The certificate data in the host.cert file does not need to be protected like the private key file does. In fact, it will likely need to be transferred to all the client systems that need to verify the key of the server being connected to. If this is the case, setup a CA, and distribute the signing certificate to the clients instead of each self-signed certificate.

  5. Extract Metadata (Optional)
  6. Optionally, various certificate metadata can be saved for quick reference, for example to verify the key fingerprint. Learn more about the x509 option to openssl.

    $ openssl x509 -noout -fingerprint -text <>

  7. Combine Key and Certificate Data (Optional)
  8. Some applications may require that the key and certificate data be in a single file. I recommend keeping the key and certificate data separate if possible, as the key data needs to be protected, and the certificate data available to all. Combining the data means the resulting file must be protected like a key file.

    $ cat host.cert host.key > host.pem \
    && rm host.key

    $ chmod 400 host.pem

The host.cert certificate data will need to be exported to client systems for use in testing.

The openssl.cnf file

Localize the system openssl.cnf to include relevant X509 attributes of the certificate. This will save typing and avoid errors when creating certificates. The location of this file varies by system.

$ grep Name_default /etc/ssl/openssl.cnf
countryName_default = US
stateOrProvinceName_default = Washington
0.organizationName_default =
#1.organizationName_default = World Wide Web Pty Ltd
#organizationalUnitName_default =

Friday, April 27, 2007

UW to Dovecot migration

Configuration primer for a Migration from UW
IMAP with pine, Thunderbird and squirrelmail as client. For compatibility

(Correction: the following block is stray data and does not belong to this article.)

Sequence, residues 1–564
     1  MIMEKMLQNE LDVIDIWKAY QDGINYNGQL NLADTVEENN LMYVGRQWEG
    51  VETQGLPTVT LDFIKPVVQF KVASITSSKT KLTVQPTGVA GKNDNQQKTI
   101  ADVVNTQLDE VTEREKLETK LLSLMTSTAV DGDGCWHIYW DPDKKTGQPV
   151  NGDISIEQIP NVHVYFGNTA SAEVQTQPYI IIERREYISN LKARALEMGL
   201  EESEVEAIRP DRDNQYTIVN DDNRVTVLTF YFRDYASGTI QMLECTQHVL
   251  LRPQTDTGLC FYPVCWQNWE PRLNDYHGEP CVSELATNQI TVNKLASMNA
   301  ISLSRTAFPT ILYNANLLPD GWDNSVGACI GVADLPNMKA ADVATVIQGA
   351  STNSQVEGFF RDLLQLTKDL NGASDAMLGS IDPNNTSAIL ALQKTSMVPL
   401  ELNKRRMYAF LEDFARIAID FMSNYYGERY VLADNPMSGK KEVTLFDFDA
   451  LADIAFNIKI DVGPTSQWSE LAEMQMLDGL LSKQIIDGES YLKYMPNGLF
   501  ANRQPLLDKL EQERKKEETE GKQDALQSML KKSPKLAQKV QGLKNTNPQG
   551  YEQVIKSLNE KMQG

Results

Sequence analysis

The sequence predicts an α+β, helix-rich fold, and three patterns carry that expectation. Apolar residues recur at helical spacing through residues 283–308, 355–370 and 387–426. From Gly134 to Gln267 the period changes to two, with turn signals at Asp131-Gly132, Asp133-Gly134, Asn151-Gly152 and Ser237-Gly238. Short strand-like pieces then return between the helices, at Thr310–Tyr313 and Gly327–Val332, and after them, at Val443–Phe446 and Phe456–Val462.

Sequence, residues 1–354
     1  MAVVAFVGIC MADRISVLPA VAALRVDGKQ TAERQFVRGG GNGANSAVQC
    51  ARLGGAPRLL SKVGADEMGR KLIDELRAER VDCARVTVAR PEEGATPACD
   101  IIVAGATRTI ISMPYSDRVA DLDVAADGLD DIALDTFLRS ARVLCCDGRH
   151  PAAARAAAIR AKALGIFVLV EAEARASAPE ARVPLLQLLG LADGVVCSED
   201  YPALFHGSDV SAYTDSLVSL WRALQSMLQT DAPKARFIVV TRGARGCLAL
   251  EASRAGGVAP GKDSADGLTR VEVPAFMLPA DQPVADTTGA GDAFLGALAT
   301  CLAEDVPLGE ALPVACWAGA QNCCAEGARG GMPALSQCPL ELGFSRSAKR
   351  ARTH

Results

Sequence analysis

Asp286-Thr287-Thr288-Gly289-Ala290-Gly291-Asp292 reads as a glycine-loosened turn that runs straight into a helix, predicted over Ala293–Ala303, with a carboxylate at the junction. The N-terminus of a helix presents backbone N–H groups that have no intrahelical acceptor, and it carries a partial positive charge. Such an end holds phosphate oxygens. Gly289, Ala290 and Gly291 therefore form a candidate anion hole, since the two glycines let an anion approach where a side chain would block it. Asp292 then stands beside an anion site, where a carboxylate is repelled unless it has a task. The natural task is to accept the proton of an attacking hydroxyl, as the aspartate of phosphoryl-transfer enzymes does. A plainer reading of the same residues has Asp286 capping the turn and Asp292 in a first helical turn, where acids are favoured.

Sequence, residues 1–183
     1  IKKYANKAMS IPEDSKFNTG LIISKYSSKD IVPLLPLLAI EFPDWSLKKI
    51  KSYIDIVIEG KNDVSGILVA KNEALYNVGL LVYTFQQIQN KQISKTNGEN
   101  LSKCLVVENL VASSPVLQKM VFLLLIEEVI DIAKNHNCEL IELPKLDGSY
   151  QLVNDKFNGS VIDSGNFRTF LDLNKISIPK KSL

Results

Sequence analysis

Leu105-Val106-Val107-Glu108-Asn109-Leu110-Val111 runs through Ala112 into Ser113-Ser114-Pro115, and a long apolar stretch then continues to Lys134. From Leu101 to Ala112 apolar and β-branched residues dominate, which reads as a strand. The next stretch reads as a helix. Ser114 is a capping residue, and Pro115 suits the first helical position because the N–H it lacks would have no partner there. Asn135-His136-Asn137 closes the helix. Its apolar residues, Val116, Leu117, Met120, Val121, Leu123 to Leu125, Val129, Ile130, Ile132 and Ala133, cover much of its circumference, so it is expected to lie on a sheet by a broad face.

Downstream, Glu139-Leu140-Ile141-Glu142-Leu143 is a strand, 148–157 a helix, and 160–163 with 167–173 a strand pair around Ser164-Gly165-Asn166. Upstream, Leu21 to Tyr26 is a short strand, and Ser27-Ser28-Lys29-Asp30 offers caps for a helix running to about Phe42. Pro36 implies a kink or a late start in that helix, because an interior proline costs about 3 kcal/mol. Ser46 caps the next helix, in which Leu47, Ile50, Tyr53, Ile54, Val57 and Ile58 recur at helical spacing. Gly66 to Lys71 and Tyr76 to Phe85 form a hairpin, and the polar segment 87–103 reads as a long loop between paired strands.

the mbox format is used.

A description for pine with imap acces without entering any password is
also discussed. Please use dovecot 1.0beta1 or later for correct handling
with pine.

Short overview of Mail folders:
| Used | elm | pine | Thunderbird | squirrelmail | UW imapd | dovecot |
Base directoy | ~/Mail | ~/Mail | ~/mail | as configured | mail | | |
Sent Folder | ~/Mail/sent | ~/Mail/sent | ~/mail/sent-mail | Sent | Sent | | |
Trash Folder | ~/Mail/Trash | | - | Trash | Trash | | |
Drafts Folder | ~/Mail/Drafts | | saved-messages | Drafts | Drafts | | |
Templates | ~/Mail/Templates | | | Templates | | | |
Unsent Folder | wie Thunderbird | | | Local Folders/Unsent Messages | | | |
Postponed | | | postponed-msgs | | | | |
Canceled Mail | | ~/Canceled.mail | ~/dead.letter | | | | |
Personal namespace | | | | | | | |
Public namespace | | | | | | #news | |
Other Users | | | | | | | |

pine setup:
Just add the following to Server:

Nickname : Mail
Server :
Path : Mail/
View :

Nickname : Mail
Server : localhost/notls
Path : Mail/
View :

In ~/.pinerc modify the following configuration parameters:
rsh-command=/usr/sbin/dovecot --exec-mail imap
# For large Mailboxes

For details have a look at:

Migration from UW Imapd to dovecot:
Disable UW Imapd in xinetd

Migrate Mailboxes:
cd $USER
cp .mailboxlist .subscriptions

dovecot configuration:
Config (/etc/dovecot.conf):
UW Imapd compatible
protocols = imaps

default_mail_env = mbox:~:INBOX=/var/mail/%u

mail_full_filesystem_access = yes

mbox_read_locks = fcntl
mbox_write_locks = fcntl


Self signed Certificate for SSL:
cd /etc/pki/dovecot/private
openssl genrsa -out dovecot.pem 2048
openssl req -new -x509 -nodes -sha1 -days 3650 -key dovecot.pem >../dovecot.pem
Enter the data for the certificate

dovecot debugging:
Config (/etc/dovecot.conf):
mail_executable = /usr/libexec/dovecot/rawlog /usr/libexec/dovecot/imap
Directory ~/dovecot.rawlog must exist and the input/output will be logged

For ethereal debugging use the following dovecot configuration:
protocols = imap imaps

disable_plaintext_auth = no

maildir/mbox documentation:

$use_imap_tls = true;
$imapPort = 993;
$imap_server_type ='dovecot';
$optional_delimiter = 'detect';
$force_username_lowercase = true;

$default_folder_prefix = '~/Mail/';
$sent_folder = 'sent';
$show_prefix_option = false;
$show_contain_subfolders_option = false;

Thunderbird Plugins
With imap Folder the Xpunge plugin is very usefull to have consitent


Securing Apache through SSL

SSL Configuration